November 20, 2017
This is part two in a multi-part series about head injuries in sports.
One of the worlds most beloved authors, Ernest Hemingway, was a very bad amateur boxer. A.J Liebling, one of the greatest sports writers to ever live, said this of the celebrated author: “If a novelist who lived exclusively on applecores won the Nobel Prize, vegetarians would chorus that the repulsive nutriment had invigorated his brain. But when the prize goes to Ernest Hemingway, who has been a not particularly evasive boxer for years, no one rises to point out that the percussion has apparently stimulated his intellection.”
• • •
Ten years after this quote, Hemingway shot himself.
No one knows, really, how a concussion affects a brain long term. There are famous cases that provide, perhaps, some insight but it really is difficult to make a definite determination. The media has been kicking around this narrative about disgraced Patriot’s star Aaron Hernandez. The story goes something like this: Aaron Hernandez, who killed himself in prison while serving life for various murders, had CTE. Perhaps there is a connection? The morally staunch have shot back at the implication, saying that his head injuries have nothing to do with his violent behaviour.
There is some evidence to suggest that CTE related degradation can lead to bouts of aggression. The more disturbing thing to note here is the absolute rejection of the notion, even with the mounting evidence. He is not the first athlete with CTE to have committed suicide, either.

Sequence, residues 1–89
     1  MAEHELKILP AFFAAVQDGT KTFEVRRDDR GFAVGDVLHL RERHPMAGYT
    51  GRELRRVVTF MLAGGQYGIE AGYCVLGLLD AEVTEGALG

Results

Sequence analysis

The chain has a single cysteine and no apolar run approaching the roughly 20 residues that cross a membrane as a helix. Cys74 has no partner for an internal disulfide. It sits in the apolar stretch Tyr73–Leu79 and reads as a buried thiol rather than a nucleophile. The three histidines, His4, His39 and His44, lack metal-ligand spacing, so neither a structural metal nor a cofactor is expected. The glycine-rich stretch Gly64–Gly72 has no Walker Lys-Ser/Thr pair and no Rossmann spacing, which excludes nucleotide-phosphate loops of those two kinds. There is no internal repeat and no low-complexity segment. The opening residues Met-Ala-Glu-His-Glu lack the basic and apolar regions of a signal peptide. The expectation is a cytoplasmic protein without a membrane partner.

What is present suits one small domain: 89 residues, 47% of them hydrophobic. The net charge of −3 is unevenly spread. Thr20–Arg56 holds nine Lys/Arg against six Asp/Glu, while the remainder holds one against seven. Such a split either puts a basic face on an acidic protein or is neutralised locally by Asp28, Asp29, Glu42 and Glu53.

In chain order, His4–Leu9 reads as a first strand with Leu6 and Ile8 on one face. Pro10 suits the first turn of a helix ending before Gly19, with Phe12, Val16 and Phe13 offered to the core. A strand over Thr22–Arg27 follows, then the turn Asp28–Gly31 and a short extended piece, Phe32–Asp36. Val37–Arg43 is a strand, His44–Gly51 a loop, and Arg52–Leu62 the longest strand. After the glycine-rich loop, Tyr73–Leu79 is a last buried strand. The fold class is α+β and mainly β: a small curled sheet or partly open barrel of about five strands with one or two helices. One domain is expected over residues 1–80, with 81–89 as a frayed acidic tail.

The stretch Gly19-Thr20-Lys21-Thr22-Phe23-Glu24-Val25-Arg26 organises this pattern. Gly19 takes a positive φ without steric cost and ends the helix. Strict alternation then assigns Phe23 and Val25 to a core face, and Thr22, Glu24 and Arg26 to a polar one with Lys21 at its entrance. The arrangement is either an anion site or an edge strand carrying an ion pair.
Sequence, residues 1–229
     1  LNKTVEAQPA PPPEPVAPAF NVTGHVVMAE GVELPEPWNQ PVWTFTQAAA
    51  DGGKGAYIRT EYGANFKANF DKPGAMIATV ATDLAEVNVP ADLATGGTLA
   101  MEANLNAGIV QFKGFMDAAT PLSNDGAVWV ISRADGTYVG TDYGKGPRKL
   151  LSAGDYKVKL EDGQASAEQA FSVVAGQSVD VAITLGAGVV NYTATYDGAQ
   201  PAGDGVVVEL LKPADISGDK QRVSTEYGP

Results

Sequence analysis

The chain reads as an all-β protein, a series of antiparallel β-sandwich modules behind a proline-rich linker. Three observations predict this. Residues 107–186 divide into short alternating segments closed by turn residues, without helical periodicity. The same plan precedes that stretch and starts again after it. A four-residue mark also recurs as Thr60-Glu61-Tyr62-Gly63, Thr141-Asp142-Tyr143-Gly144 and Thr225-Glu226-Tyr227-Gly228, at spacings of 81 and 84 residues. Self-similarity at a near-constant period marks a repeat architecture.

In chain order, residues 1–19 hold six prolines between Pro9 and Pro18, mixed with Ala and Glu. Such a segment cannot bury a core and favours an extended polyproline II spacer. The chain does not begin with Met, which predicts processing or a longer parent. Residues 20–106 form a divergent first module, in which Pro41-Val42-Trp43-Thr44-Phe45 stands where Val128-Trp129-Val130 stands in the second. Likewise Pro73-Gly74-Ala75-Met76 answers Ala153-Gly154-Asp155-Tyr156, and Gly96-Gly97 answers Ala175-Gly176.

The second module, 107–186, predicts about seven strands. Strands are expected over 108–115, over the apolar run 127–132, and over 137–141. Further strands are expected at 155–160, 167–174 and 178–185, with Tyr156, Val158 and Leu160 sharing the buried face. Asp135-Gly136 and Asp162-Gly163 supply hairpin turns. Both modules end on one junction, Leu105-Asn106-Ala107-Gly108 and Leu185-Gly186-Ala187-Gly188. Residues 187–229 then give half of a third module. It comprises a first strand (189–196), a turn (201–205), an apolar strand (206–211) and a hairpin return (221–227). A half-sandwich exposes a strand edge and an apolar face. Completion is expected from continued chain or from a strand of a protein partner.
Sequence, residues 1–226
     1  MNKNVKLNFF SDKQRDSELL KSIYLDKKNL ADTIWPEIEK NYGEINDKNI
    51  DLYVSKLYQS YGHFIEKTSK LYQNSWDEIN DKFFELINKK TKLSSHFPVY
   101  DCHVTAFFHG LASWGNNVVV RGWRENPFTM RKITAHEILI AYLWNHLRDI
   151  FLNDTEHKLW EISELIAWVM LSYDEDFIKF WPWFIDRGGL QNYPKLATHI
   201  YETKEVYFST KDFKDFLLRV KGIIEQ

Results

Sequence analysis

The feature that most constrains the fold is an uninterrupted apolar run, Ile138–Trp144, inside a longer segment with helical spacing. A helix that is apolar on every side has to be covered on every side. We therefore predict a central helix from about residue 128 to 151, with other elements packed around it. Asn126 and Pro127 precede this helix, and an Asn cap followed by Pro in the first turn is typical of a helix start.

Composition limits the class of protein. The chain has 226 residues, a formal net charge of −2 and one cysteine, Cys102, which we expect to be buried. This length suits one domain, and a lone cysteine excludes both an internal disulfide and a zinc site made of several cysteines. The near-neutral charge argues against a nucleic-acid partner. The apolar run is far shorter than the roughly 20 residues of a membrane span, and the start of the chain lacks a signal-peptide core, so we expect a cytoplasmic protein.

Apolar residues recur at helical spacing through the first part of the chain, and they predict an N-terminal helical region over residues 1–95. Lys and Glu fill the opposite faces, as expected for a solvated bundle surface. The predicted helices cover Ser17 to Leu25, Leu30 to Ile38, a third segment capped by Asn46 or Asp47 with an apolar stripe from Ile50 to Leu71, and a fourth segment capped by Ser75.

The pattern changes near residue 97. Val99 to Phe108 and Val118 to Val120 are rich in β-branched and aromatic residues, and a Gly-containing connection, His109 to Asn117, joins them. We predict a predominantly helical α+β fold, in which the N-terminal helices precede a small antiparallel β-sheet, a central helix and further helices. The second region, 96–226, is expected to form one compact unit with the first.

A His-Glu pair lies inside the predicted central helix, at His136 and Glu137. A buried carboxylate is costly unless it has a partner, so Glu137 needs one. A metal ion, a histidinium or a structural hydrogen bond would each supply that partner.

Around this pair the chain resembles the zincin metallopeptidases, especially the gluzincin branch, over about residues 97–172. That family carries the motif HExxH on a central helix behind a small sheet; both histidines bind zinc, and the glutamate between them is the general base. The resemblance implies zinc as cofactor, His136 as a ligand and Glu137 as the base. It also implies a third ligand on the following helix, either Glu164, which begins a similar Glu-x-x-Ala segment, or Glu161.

Ken Dryden has just published a book about Steve Montador, who slipped peacefully into death one day in his home, aged 35 years. His family is suing the NHL, alleging his time in the league caused his CTE and therefore his death. No one knows how exactly his body stopped working. His brother, Chris Montador, was quoted as saying, “he just either stopped breathing or his heart went.” He told The Hockey News back in 2015, “He was like a different person inside his body and it breaks my heart. It breaks my heart today. He wanted to be the same guy, but he just couldn’t.” This, in reference to changing behaviour he had noticed in his brother, beginning in 2011.
Work is always being done to find out how concussions affect the brain long-term. If you have ever been in a semi-serious car accident you probably had one. Many of you will also notice that getting into a car accident is vastly unpleasant and is to be avoided. The average collision in an NHL game takes place at 23 kilometers per hour. Imagine, for a moment, that the present author strapped you into their car, and proceeded to drive said car into another, going 37 KM/h. You would call the police and have the poor author jailed, and rightfully so.
NHL players are asked to do this repeatedly, for about 20 minutes a night, 82 times a year.
The NFL is slightly less dramatic in their collisions, somehow. The average collision there takes place at about 25 KM/h, but the collisions are more frequent and usually involve the crown of the head taking a direct impact.
• • •
Hemingway was an alcoholic, suffered from depression, and ultimately wound up on the action end of his favourite shotgun. Many have suggested that Hemingway’s suicide was, like his father’s, a result of hemochromatosis. The genetic condition generally results in physical and mental degradation. Surely, the time Hemingway spent as “boxer”, generally not defending himself well and taking many blows to the head, could have contributed to this. Hemingway was famously an extremely heavy drinker. Depression, alcoholism, suicidal tendencies, the paranoia Hemingway exhibited in his final years, and his inability to focus his thoughts are all traits found in CTE sufferers. Surely his genetic condition was largely to blame, but it would be foolish to disregard to the many head traumas he suffered as simply nothing.